Soon, the Stillman Trail reaches the dirt White Oak Road. Turn right onto the road, joining the teal-diamond-blazed Highlands Trail, but in 100 feet, turn left, leaving the road, and begin a steep climb of Mount Misery on a footpath. At the top (elevation 1,268 feet) you’ll reach a limited viewpoint to the west and northwest. Continue ahead for a short distance and you’ll come to a much better outlook, with Black Rock Mountain visible directly ahead and Aleck Meadow Reservoir below to the left. This is a good place to take a break (you’ve climbed nearly 700 vertical feet from Ben’s Bridge).
Continue ahead on the yellow/teal-diamond trail, which begins its descent of Mount Misery, first gradually and then more steeply. In a rugged, boulder-strewn area at the base of the descent, you’ll notice a triple-white blaze, which marks the start of the Scenic Trail. Turn left and follow the white-blazed Scenic Trail, which crosses the blue-blazed Swamp Trail at the end of the rocky area and begins a steady climb of the Hill of Pines, passing through attractive mountain laurel and hemlock.
At the top of the climb, the trail emerges onto open rock, with a spectacular west-facing view. Black Rock Mountain may be seen on the right, and the Black Rock Forest fire tower is to its left. (Despite the name “Hill of Pines,” there are only two pines near the summit, which is mostly covered with oaks.)
The trail climbs a little to the true summit (elevation 1,400 feet), descend the hill, and soon crosses the dirt Carpenter Road diagonally to the right. You’ll now begin a gradual climb of Rattlesnake Hill. After reaching a high point and descending a little, you’ll arrive at a spot with a viewpoint about 100 feet to the right of the trail (from a rock ledge adjacent to a large pine tree). If you can’t find the path to this overlook, don’t be concerned, as you’ll soon reach two more viewpoints that are directly on the trail. You’ll now make a short but steep descent. After a relatively level stretch, you’ll reach a second overlook – this one marked by a cairn and a gnarled, nearly horizontal pine tree. The fire tower may be seen on the right, and Bog Meadow Pond lies directly below.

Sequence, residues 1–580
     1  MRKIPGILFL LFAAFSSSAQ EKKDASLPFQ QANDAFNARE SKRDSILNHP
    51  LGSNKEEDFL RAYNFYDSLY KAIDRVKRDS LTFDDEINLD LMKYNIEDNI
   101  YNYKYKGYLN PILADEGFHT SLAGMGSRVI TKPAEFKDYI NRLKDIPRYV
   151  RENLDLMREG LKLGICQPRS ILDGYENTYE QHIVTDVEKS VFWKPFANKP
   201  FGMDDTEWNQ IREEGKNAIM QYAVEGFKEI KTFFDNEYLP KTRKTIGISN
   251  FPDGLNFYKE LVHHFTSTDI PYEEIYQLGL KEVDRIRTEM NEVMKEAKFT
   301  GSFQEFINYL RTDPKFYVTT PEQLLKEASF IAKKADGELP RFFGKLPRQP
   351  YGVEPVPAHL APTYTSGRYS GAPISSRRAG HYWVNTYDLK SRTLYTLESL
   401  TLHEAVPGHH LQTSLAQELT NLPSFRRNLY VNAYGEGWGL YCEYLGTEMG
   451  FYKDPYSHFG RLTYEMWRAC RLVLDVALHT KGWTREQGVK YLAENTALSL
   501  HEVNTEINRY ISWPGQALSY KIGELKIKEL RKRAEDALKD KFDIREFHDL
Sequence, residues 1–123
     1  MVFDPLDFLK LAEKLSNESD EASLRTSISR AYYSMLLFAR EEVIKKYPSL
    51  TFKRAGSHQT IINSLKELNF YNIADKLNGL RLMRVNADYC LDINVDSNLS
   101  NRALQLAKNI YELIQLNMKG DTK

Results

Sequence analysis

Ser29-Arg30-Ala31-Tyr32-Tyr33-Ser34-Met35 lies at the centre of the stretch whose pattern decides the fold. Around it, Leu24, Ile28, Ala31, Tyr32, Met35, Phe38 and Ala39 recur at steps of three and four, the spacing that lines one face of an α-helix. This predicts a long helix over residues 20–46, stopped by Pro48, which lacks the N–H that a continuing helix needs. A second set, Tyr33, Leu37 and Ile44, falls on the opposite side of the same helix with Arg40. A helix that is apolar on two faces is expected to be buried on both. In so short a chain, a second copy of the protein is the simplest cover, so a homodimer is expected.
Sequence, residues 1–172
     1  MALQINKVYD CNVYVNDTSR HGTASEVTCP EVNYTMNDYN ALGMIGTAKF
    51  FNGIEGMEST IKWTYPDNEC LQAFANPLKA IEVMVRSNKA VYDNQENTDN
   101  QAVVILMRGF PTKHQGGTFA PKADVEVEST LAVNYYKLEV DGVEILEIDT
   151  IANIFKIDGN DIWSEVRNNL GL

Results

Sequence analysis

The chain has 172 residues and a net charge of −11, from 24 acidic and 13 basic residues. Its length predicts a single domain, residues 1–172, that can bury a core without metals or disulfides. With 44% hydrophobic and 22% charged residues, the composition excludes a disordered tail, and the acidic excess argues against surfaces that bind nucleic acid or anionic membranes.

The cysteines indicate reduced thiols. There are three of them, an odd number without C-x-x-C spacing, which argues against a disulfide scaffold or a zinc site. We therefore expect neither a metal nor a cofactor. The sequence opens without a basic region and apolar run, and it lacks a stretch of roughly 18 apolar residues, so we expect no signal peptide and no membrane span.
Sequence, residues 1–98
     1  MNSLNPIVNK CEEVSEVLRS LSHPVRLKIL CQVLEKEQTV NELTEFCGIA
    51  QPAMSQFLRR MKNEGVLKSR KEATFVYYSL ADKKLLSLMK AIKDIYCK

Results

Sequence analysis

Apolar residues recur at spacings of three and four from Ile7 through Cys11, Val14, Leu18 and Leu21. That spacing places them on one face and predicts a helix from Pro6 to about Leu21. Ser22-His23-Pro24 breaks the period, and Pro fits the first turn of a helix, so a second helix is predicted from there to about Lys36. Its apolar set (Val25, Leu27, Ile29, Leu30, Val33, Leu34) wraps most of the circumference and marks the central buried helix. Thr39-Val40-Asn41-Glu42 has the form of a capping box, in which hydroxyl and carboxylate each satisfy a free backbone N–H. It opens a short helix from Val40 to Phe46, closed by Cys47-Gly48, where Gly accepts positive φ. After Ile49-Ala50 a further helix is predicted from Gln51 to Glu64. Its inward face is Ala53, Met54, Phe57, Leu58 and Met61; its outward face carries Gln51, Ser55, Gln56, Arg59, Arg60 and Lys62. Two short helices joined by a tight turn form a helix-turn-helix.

Continue ahead through a dense mountain laurel thicket to the third viewpoint n Rattlesnake hill, which offers a panoramic view from open rocks. Bog Meadow Pond is directly ahead, with the rolling hills of Orange County beyond.
Continue ahead on the white trail, which begins to descend – steeply, then more gradually. The trail briefly runs along the southern boundary of Black Rock Forest, with Bog Meadow Pond visible through the trees to the left.
After crossing the inlet stream of the pond, the trail climbs to the dirt Bog Meadow Road. Turn left onto the road, continuing to follow the white-blazed Scenic Trail. In a quarter mile, the yellow-blazed Tower Vue Trail begins on the right, but continue ahead on the road, following the white blazes. Soon you’ll reach a T-junction with Continental Road. Continue to follow the white-blazed Scenic Trail, which crosses the road diagonally to the right, reenters the woods, and begins to climb gradually.
When the trail levels off, watch carefully for a small cairn. Here, the blue-blazed Spy Rock Trail departs to the right. Turn right and follow this short trail, which leads about 750 feet to Spy Rock, marked by a single pitch pine. This is the highest point in Black Rock Forest (1,461 feet). During the Revolutionary War, this rock outcrop was used as a lookout by Continental soldiers to monitor the area, but today, vegetation obscures most of the views, and only a limited north-facing view remains.
Retrace your steps to the white-blazed Scenic Trail and turn right. Soon you’ll pass the yellow-blazed Ledge Trail, which begins on the right and then the Stropel Trail (also yellow-blazed), which goes off to the left. Proceed ahead on the white-blazed Scenic Trail, but a short distance beyond, turn left onto the blue-blazed Eagle Cliff Trail, which soon reaches Eagle Cliff – a huge rock outcrop with glacial striations. You’ll have to use both your hands and your feet to climb to the top of the outcrop, but when you reach it, you’ll be rewarded with a panoramic south-facing view. Wilkins Pond (on the grounds of the United State Military Academy at West Point) is straight ahead, and Jim’s Pond is on the left. On a clear day, you may be able to see the New York City skyline in the distance. This is a good place to take a break.